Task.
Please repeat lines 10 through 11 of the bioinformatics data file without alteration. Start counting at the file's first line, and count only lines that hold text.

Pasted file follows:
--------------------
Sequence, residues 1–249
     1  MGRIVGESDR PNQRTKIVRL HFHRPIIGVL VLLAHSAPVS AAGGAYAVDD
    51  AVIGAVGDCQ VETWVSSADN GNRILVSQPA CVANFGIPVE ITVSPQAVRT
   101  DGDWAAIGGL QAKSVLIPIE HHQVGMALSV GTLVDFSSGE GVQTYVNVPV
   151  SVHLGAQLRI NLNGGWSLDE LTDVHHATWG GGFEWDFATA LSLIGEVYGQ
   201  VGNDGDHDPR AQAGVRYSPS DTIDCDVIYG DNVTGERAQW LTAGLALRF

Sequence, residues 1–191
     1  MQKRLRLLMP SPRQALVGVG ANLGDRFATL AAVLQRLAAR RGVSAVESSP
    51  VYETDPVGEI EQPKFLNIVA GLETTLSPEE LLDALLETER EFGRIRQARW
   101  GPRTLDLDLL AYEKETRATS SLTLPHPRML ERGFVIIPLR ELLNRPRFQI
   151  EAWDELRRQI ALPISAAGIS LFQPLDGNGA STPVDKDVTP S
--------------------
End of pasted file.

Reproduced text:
   101  GPRTLDLDLL AYEKETRATS SLTLPHPRML ERGFVIIPLR ELLNRPRFQI
   151  EAWDELRRQI ALPISAAGIS LFQPLDGNGA STPVDKDVTP S